The strikers set up barricades on the streets, overpowered police, torched two police stations and freed prisoners in Duinguiraye, 400 km northeast of Conakry.
 
Residents in the Bonfi suburb of the capital Conakry said the security forces had killed one civilian and injured another when they opened fire on youths who started stoning a passing convoy they believed to be transporting the president.
 
"Two people were hit. One of them died, he was hit in the head," one witness said.
 
Strike threat
 
One union leader said the nomination of Camara, formerly Conte's minister in charge of presidential affairs, was not enough to call off a nationwide stoppage planned from Monday.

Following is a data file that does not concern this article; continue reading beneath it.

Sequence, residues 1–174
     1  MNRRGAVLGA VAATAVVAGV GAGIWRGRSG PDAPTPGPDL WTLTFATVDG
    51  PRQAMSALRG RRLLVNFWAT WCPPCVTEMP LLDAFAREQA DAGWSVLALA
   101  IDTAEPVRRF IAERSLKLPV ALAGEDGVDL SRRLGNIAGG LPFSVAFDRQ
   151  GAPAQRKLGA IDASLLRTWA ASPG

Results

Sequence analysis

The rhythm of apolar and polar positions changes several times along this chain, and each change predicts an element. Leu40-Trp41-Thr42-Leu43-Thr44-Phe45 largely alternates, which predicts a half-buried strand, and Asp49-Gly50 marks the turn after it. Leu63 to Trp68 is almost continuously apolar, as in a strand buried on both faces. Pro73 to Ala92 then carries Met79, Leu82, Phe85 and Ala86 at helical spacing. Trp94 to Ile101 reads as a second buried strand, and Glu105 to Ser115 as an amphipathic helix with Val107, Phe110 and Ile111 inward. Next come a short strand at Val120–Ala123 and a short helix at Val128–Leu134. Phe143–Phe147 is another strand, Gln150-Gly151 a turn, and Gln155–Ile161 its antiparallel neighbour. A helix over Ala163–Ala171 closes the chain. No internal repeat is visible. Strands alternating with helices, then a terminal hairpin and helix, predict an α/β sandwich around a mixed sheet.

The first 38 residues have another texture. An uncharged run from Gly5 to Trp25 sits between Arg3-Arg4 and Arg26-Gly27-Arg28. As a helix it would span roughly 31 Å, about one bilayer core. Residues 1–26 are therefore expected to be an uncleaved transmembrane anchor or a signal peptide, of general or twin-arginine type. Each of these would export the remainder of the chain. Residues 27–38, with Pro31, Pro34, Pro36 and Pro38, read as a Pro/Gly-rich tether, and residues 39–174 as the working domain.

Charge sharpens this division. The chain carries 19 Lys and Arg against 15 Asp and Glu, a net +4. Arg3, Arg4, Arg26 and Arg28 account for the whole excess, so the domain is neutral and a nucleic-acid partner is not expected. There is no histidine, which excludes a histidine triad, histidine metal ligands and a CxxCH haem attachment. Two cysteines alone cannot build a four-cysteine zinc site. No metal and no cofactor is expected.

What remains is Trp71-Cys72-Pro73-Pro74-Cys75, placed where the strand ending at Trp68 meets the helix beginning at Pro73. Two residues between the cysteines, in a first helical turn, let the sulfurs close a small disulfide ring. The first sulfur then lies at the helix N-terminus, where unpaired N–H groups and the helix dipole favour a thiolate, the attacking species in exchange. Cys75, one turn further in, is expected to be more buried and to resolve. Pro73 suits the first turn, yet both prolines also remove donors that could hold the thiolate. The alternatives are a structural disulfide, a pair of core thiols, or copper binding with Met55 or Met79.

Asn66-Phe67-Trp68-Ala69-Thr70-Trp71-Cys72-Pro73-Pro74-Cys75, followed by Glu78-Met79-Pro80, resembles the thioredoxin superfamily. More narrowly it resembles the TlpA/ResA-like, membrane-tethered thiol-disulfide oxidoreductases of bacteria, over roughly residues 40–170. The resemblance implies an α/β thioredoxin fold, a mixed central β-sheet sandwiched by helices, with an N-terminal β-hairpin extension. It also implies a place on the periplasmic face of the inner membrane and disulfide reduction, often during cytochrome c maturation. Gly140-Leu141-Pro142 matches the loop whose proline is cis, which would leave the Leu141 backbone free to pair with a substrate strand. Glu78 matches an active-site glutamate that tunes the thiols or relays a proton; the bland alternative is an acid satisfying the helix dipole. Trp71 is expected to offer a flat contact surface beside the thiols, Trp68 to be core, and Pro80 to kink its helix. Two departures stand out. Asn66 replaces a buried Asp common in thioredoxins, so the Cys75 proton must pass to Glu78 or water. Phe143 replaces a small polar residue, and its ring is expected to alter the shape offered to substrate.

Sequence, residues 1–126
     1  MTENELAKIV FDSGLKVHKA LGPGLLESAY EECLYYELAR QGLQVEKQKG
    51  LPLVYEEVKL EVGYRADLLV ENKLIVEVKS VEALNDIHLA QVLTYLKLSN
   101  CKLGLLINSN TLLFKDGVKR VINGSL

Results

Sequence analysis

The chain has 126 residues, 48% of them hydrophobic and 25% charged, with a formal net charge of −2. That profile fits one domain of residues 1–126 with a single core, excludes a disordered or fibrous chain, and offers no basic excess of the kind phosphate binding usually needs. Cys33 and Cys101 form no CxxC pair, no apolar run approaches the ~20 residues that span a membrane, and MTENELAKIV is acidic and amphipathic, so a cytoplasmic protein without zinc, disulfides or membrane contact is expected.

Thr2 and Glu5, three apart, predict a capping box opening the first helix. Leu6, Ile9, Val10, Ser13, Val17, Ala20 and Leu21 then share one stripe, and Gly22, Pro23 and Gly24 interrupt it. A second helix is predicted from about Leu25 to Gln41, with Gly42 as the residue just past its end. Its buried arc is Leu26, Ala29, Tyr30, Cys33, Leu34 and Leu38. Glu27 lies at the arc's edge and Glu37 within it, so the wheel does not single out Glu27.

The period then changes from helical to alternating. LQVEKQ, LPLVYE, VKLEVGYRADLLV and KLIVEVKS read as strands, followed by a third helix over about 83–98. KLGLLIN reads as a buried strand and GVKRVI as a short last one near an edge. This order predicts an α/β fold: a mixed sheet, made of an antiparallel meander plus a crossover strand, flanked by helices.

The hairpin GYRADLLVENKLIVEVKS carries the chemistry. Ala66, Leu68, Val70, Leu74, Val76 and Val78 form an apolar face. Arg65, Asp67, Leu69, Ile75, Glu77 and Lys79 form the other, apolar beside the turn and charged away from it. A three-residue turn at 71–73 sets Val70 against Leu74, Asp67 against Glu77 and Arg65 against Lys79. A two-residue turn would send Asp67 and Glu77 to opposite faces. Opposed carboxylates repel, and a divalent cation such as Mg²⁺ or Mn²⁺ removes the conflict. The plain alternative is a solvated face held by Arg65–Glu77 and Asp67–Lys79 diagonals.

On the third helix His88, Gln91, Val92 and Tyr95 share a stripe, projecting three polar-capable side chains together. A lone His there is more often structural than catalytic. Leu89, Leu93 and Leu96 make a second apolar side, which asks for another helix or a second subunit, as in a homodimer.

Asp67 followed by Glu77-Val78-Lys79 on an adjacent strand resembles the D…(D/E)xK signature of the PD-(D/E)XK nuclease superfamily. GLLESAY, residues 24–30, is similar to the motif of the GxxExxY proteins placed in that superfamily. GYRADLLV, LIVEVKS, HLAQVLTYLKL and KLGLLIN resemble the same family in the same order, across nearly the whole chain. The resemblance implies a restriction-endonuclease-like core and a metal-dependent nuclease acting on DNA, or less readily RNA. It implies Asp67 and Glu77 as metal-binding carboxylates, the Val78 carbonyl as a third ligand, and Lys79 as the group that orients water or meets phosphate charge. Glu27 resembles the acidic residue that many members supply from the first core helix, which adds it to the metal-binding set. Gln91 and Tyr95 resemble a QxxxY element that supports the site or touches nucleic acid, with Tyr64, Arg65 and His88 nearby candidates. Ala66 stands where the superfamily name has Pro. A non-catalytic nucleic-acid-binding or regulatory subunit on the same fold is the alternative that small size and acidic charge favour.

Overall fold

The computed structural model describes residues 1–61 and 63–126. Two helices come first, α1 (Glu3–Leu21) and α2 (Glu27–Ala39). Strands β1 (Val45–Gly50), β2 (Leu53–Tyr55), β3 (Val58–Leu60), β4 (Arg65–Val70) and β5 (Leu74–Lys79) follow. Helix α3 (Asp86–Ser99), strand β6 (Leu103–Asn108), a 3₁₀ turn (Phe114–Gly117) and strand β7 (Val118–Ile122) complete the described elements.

"We asked for a clean prime minister.
 
Instead of that we get an old man from the old guard who is too close to the current power structure," Louis Mbemba Soumah, secretary-general of the SNECG teachers' union, said.
 
"For us the strike order is maintained."
 
Strike leaders, who say Conte is no longer fit to rule after 23 years in power, had given the president until Monday to name a new premier, as he agreed to do in a deal struck two weeks ago to end an 18-day nationwide stoppage.
 
The SNECG was not one of the two main unions to have called the original strike and has in the past taken a more militant stance than they have.
 
Other union leaders declined to comment before a meeting on Saturday to discuss Camara's nomination.